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Chances are, your parents and grandparents didn’t brush their dog’s teeth, but today’s pet parents understand the importance of good dental care for their pets.
Dental care for our dogs includes:
If you’ve never brushed your dog’s teeth, you be looking at your dog’s teeth and wondering, “How am I going to get him to sit still for this” and “Gulp! How exactly do I brush my dog’s teeth?”
Brushing your dog’s teeth doesn’t have to be a struggle or a task you – or she – dreads. With patience, and working up to a full-mouth brush, it may just become part of your dog’s home care routine. If you’re new to brushing, don’t rush it, you may get him to enjoy it!
It’s a rare pup who will sit next to you, allow you to pull back his lips and put a finger or a dog toothbrush in his mouth and not try to get away. When you put your fingers in your dog’s mouth he will think you’re playing and will lick or gnaw your fingers to see if you have any food on them.
The first step in brushing your dog’s teeth is to get him comfortable with you touching his muzzle, touching his gums and running your finger across his teeth. To get him interested in what you’re doing, put a tiny dollop of dog toothpaste on your finger and let him lick it off while you gently move your finger along his gums. Try different toothpaste flavors until you find one he likes; they come in chicken, beef and even vegetable flavor. Never use human toothpaste to brush your dog’s teeth.
How To Brush Your Dog’s Teeth
Brushing your dog’s teeth isn’t a “fad;” it’s a habit you need to undertake for a lifetime of healthy living for your beloved dog.
The benefits of brushing your dog’s teeth include:
Your veterinarian will check your dog’s dental health during the annual visit. The vet will check for tartar build up, inflamed gums and abscessed teeth. Your veterinarian may recommend a general dental cleaning and tooth removal if your dog has dental issues – this is done under anesthesia.
If you’re ready to brush your dog’s teeth and enhance his health, let’s get started.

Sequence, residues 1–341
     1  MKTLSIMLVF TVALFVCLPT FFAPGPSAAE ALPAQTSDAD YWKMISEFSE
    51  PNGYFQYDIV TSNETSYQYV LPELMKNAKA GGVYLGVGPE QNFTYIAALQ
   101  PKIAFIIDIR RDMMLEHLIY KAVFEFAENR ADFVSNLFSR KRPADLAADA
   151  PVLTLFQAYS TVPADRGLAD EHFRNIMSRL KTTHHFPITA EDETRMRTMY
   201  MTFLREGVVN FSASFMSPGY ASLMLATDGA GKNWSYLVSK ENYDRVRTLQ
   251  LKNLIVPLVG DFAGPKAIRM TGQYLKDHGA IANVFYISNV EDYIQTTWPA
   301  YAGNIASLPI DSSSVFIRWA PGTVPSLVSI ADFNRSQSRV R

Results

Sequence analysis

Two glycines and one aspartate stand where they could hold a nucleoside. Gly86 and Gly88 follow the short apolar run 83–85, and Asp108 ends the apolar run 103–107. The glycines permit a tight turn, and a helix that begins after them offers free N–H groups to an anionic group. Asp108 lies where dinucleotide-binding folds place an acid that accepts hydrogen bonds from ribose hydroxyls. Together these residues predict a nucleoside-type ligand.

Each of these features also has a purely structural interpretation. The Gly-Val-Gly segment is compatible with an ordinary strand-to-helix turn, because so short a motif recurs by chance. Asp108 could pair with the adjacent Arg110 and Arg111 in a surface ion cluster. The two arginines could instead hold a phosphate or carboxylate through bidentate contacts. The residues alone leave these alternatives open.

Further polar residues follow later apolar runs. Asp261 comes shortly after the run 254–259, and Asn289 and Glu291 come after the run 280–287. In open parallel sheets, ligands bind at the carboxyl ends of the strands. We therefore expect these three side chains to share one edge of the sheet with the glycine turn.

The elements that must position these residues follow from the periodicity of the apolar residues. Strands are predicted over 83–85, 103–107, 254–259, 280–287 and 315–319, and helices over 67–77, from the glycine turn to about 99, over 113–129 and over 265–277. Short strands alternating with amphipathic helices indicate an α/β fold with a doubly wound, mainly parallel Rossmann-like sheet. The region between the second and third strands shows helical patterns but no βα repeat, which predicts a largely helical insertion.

Start brushing your dog’s teeth when he turns one-year-old. If you adopt an older dog, you can still brush his teeth and you’d use the same methods; it just may take you longer to get him accustomed to it.
Choose a time of day when your dog is relaxed and calm. Don’t try to brush his teeth when he first wakes up and is dashing around the house burning off pent up energy. Trying to calm him then trying to brush his teeth right after could lead to his resenting toothbrushing time. If he’s calmest right before bedtime, snuggle up with him and make brushing his teeth as much a part of your routine as you do giving him belly rubs and scratches behind his ears.
If you have a dog who is truly uncooperative and simply won’t let you brush his teeth, don’t put yourself in harm’s way. Talk with your veterinarian and he or she can recommend toys and treats designed to help loosen and remove plaque and tartar.
Regular veterinarian visits and dental check-ups, coupled with your diligent brushing of your dog’s teeth will help him live a long, happy life.
Nothing in this article should be construed as financial, legal or veterinary advice. Please consult your own advisors for questions relating to your and your pet’s specific circumstances.
Robbi Hess is a full-time pet blogger and multi-published author. She shares her life with a diva Poodle, a goofy Goldendoodle, two Devon Rex, a senior ginger kitty and three reptiles!